I wonder what any one from the German critics would reply to a question, what is the basis for the industrial development of their country? To what extend defense industry is affecting their prosperity? Why doesn’t European Union and NATO recognize the fact that Greek frontiers are and need to be defended as European Union frontiers, so that Greece to redirect defense budgets to other development projects, that would definitely help Greece to exit this financial crisis?
Why Germany, France, UK USA and Russia are selling to both Greece and Turkey?
But even the above note does not expose the full story and the magnitude of the financial crisis that effects not only Greece, as a weak link among the European Union nations, but extends to the total world economy including United States.
This crisis, for the first time, indicates that “globalization” has failed as an economic development model and a new concept needs to be worked out to protect the world economy from reaching instability.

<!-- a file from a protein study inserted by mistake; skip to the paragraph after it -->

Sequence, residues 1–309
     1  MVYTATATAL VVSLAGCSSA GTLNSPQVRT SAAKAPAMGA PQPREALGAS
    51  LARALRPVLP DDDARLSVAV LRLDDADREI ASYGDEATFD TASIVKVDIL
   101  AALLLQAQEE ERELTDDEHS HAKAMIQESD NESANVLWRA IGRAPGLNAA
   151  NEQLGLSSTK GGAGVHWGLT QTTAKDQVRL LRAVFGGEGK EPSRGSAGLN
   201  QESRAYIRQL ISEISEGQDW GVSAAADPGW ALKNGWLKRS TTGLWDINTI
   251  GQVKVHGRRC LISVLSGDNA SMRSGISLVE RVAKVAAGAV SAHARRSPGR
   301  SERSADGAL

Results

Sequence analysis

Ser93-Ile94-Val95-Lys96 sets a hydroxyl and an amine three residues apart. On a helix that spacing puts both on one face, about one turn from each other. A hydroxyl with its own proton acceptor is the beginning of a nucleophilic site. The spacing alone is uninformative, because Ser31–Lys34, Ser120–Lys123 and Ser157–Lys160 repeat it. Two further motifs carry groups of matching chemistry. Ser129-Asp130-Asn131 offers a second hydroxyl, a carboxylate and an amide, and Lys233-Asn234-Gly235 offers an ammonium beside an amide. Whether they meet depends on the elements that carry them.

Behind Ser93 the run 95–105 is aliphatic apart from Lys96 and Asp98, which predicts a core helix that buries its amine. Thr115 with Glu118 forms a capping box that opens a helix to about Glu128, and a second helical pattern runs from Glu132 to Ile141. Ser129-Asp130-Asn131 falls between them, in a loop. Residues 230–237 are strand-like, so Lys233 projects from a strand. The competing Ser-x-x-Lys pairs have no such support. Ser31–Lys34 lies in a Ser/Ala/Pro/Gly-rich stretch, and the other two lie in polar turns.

The European Union is the first attempt to build a “pilot” system that hopefully, will manage to work as a multinational union of states, operating under a single multinational governance that would take decisions, compromising conflicting financial and national interests.
If that fails the impact will affect the world economy because much bigger conflicts will be experienced among larger national economies such as China, India, Russia, United States and some other new developing countries i.e Brazil.
European Union hopes to show the road for a better way to resolve global financial and national conflicts. The successful resolution of the Greek crises can serve as the best example to prove the viability of the EU vision.
Because of its size, Greece is only 2% of the European economy, it is an ideal opportunity to demonstrate how this model can function. This is why the Greek crises receives such attention globally.
All Greece has to do is to demonstrate that it is a credible partner’.
See more detailed analysis in my Blog “timesforchange.wordpress”
Some more relevant links :